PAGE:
· Alfalfa weevil damage is severe in southwestern, south-central, and central counties.
· Densities of alfalfa weevil larvae are well above thresholds, and some spraying has been warranted.
· Alfalfa weevil larvae in southern counties are from both fall- and spring-deposited eggs; the larvae in central Illinois are probably from fall-deposited eggs.
· Maps of heat-unit accumulations and projected heat-unit accumulations have been updated.
Reports over the past two weeks suggest that population densities of alfalfa weevils are higher than they have been in several years. We have not had many difficulties with alfalfa weevils for quite some time, especially in northern counties, and I and other entomologists in Illinois have speculated that natural enemies (parasitic wasps, fungus disease) have suppressed weevil populations below economic levels. However, despite this speculation, alfalfa weevils are making their presence known this spring, at least in southwestern, south-central, and central counties.
Omar Koester, Extension Unit Assistant/Crop Systems in Randolph County, has been reporting that growers and applicators are spraying alfalfa fields to control alfalfa weevils in southwestern counties. Bill Brink, Extension Educator/Crop Systems at the Springfield Extension Center, has observed "tremendous numbers of alfalfa weevils, the worst [he's] seen in a long time." Bill has found as many as six to seven larvae per plant with evidence of defoliation on 50 to 75 percent of the plants. This intensity of alfalfa weevil damage obviously is well above economic levels. These reports suggest that if you have not already scouted for weevils in alfalfa, you better get to it.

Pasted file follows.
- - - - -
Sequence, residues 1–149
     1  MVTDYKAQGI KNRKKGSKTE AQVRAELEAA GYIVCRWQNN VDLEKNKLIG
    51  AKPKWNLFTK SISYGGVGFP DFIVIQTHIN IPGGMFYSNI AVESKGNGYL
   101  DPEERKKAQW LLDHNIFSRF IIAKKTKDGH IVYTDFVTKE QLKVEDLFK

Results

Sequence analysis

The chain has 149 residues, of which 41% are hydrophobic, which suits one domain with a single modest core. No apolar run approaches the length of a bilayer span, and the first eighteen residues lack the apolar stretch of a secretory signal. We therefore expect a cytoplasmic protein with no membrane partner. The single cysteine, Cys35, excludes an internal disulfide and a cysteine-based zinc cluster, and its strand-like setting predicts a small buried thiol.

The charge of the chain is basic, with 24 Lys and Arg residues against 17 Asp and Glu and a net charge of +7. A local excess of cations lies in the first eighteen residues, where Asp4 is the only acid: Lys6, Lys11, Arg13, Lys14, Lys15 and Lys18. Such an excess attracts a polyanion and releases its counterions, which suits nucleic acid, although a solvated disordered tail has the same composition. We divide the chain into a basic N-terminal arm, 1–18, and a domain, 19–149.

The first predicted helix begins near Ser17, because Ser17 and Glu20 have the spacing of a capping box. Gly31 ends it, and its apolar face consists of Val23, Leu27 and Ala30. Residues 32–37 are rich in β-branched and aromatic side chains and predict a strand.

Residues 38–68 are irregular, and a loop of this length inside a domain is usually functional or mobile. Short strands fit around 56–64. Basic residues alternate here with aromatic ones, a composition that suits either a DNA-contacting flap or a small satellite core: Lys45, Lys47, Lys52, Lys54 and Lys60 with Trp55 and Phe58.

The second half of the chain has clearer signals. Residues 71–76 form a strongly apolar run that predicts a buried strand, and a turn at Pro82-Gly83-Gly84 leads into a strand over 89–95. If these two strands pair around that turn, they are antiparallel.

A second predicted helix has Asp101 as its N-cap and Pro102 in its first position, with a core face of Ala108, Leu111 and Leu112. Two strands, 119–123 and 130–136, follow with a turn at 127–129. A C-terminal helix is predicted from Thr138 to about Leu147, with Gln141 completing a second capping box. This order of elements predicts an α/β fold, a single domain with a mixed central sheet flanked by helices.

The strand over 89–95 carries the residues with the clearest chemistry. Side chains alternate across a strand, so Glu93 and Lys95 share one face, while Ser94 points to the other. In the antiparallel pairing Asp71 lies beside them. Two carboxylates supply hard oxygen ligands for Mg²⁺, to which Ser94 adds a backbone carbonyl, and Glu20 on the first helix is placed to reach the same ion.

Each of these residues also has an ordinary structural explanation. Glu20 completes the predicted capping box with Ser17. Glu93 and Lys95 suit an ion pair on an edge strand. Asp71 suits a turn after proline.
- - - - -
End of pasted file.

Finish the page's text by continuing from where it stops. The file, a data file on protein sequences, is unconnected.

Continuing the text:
Heat-unit accumulations to date (Figure 2) suggest that these alfalfa weevils are from eggs that were deposited last fall (peak larval activity from fall-deposited eggs occurs when 325 heat units accumulate above the base temperature of 48°F). I learned last week that some folks in southwestern counties were finding larvae of all sizes, suggesting that larvae also had hatched from spring-deposited eggs. Their peak activity will occur when about 575 heat units accumulate above the base temperature of 48°F, which likely will occur in southwestern Illinois at least by the beginning of the week of May 10. Figure 3 shows the projected heat-unit accumulations (base 48°F) from January 1 to May 16, 1999. Obviously by mid-May, most alfalfa weevil activity will have run its course in southern counties, but we'll still have plenty of fun with them in central and northern counties.
We are not certain how widespread the weevil problems are in alfalfa, so we'd like to hear from you. Any information you can provide from your neck of the woods would be most useful for everyone.
Dynamic economic thresholds for alfalfa weevils were printed in Table 1 of issue no. 5 (April 23, 1999) of the Bulletin. Insecticides suggested for control of alfalfa weevils and the harvest intervals associated with these insecticides were printed in last week's Bulletin (issue no. 6, April 30, 1999). Keep this information with you as you scout for and make decisions about whether to treat for alfalfa weevils. Also, keep a watchful eye on alfalfa weevil larvae that might be diseased with the fungus Zoophthora phytonomi (see issue no. 5 of the Bulletin). Natural enemies don't seem to be slowing weevils down this spring, but the impact of natural enemies, especially the fungus, can be realized in short periods of time.--Kevin Steffey